When Republican state Senator Ted Gaines was leading the charge last year to convince billionaire Elon Musk to build Tesla Motors, Inc.’s $5-billion battery factory in California (and the senator’s district) there was no bigger booster of the high-end electric-car industry.
Things changed when Musk opted to build his “gigafactory” in Nevada last September, lured by $1.5 billion in incentives from the state. Gaines saw the error of his ways and quietly introduced Senate Bill 40 in December to slash state financial incentives for buyers of the cars.
“It’s hard for the average Californian to understand why someone buying a $100,000 car should get a rebate,” Gaines told BloombergBusiness. “That’s the same question I posed to myself, and it was hard to justify.”
The bill targets “incentives for qualifying passenger vehicles under the Clean Vehicle Rebate Project of the Air Quality Improvement Program.” Those qualifications would not include electric vehicles with a manufacturer’s suggested retail price of $40,000 or more.
That’s pretty much the market Tesla owns. Musk sells 20% of his cars in California.
The Tesla Model S starts at $71,000, but usually ends up costing a lot more. The owners tend not to skimp on accessories. But Apple Inc. co-founder Steve Wozniak, who said he would have bought his two Teslas without the incentive, told Bloomberg “a lot” of the “low-end” buyers wouldn’t have done it without the rebate.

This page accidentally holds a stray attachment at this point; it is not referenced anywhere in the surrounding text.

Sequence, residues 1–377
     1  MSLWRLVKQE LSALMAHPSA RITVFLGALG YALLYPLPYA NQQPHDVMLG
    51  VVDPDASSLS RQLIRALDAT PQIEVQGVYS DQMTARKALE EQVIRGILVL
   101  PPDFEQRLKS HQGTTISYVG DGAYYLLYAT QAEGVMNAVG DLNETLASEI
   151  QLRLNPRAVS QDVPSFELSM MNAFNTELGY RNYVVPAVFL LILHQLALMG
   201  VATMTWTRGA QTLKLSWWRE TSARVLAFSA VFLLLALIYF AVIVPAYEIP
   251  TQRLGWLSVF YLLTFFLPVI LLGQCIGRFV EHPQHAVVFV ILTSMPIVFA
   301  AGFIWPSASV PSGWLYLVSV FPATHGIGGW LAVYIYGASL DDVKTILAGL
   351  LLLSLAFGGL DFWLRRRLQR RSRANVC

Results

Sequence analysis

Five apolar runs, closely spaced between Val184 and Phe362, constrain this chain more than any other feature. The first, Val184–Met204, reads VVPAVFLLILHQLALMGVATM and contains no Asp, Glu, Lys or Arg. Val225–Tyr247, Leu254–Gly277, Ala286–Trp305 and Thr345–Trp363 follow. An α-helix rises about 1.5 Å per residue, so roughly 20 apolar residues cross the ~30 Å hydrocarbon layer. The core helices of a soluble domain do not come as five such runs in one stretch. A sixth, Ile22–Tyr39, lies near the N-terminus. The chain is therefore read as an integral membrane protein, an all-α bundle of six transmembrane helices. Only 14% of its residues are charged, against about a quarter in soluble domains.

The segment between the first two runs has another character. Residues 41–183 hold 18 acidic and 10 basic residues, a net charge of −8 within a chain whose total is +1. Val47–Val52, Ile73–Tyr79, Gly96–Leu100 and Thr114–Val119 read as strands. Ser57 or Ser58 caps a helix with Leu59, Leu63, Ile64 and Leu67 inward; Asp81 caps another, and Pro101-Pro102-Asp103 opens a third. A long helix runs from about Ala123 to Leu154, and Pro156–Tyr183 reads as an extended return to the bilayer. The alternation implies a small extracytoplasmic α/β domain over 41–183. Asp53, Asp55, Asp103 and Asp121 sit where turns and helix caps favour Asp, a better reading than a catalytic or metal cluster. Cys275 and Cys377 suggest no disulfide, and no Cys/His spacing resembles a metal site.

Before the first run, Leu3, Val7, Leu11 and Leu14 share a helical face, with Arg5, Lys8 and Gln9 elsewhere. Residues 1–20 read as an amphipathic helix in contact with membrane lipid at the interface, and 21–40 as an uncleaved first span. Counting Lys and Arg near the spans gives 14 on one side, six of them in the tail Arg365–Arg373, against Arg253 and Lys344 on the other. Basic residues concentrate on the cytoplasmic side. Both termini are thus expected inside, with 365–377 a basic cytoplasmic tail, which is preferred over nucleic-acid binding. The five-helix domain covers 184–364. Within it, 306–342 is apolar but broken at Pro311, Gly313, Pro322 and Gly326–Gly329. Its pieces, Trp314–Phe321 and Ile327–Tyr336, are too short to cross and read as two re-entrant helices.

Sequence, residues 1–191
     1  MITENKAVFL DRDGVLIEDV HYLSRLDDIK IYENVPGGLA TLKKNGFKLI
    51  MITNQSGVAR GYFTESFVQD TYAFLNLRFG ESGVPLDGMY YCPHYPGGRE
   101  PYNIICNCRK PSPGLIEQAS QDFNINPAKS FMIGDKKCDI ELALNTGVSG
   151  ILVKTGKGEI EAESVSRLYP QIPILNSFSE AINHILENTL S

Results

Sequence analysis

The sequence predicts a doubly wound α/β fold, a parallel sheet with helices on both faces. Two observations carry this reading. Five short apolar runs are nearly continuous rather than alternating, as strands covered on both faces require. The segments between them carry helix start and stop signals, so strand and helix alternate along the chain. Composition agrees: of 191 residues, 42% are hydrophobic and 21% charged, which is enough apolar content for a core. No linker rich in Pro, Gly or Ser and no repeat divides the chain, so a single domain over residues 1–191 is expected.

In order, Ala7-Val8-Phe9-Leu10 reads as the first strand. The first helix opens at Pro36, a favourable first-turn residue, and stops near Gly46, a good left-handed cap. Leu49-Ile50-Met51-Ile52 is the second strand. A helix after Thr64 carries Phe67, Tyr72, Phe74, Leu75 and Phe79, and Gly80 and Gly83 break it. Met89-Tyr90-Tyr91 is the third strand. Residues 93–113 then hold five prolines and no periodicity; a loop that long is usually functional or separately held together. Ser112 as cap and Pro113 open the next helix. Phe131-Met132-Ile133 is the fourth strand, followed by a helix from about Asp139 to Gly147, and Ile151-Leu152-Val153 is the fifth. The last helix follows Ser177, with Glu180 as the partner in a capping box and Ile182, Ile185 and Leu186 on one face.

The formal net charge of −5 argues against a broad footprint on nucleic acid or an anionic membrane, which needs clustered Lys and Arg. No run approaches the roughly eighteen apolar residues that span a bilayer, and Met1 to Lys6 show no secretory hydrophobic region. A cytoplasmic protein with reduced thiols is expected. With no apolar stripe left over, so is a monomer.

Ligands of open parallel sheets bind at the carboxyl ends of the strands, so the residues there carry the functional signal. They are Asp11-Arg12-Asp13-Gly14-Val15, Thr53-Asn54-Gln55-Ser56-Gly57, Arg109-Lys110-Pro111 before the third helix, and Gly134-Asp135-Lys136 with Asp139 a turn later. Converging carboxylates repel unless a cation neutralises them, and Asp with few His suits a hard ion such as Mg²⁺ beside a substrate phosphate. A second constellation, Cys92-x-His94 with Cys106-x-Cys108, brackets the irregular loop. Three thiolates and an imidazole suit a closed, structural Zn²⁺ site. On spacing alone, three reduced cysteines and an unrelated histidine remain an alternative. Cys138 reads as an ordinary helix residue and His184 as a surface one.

California has paid $34 million in rebates to 13,598 Tesla owners since the program began in 2010, for an average of $2,500, according to Bloomberg. Almost twice as many people received rebates for the Nissan Leaf, a $29,000 car, and total rebates under the program top $203 million.
The federal government also offers tax credits of up to $7,500 to electric-car owners. The incentives are meant to facilitate a move away from gas-guzzling, air-polluting vehicles. As of last October, California was one of at least 37 states (plus the District of Columbia) with incentives. Incentives range from $1,000 in Maryland to $6,000 in Colorado.
Tesla’s response to Gaines’ legislation was a bit tart and more than a tad personal. Tesla VP Diarmuid O’Connell e-mailed Bloomberg:
“Punishing Tesla, a company that has created over 8,000 direct jobs in California in the past five years and thousands more indirect jobs by eliminating a modest rebate for its products while preserving that credit for companies like Toyota and Nissan—companies that have abandoned California for Texas and Tennessee respectively—seems like a curious response unless viewed through the lens of ignorance and retribution.”
Gaines’ bill is scheduled for its first legislative hearing on April 14.